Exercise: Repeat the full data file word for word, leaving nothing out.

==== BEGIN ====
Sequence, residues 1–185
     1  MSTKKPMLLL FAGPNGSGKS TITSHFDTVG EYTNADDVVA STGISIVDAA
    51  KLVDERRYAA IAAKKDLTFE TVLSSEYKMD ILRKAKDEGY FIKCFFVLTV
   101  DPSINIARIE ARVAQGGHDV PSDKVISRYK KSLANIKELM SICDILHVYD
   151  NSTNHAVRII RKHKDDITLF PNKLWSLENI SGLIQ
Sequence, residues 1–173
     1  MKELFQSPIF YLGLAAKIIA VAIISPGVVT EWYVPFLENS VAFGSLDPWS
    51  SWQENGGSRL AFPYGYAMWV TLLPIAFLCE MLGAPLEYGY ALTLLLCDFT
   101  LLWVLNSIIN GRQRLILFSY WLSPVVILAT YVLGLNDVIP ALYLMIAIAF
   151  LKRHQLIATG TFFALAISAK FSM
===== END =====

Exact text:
Sequence, residues 1–185
     1  MSTKKPMLLL FAGPNGSGKS TITSHFDTVG EYTNADDVVA STGISIVDAA
    51  KLVDERRYAA IAAKKDLTFE TVLSSEYKMD ILRKAKDEGY FIKCFFVLTV
   101  DPSINIARIE ARVAQGGHDV PSDKVISRYK KSLANIKELM SICDILHVYD
   151  NSTNHAVRII RKHKDDITLF PNKLWSLENI SGLIQ
Sequence, residues 1–173
     1  MKELFQSPIF YLGLAAKIIA VAIISPGVVT EWYVPFLENS VAFGSLDPWS
    51  SWQENGGSRL AFPYGYAMWV TLLPIAFLCE MLGAPLEYGY ALTLLLCDFT
   101  LLWVLNSIIN GRQRLILFSY WLSPVVILAT YVLGLNDVIP ALYLMIAIAF
   151  LKRHQLIATG TFFALAISAK FSM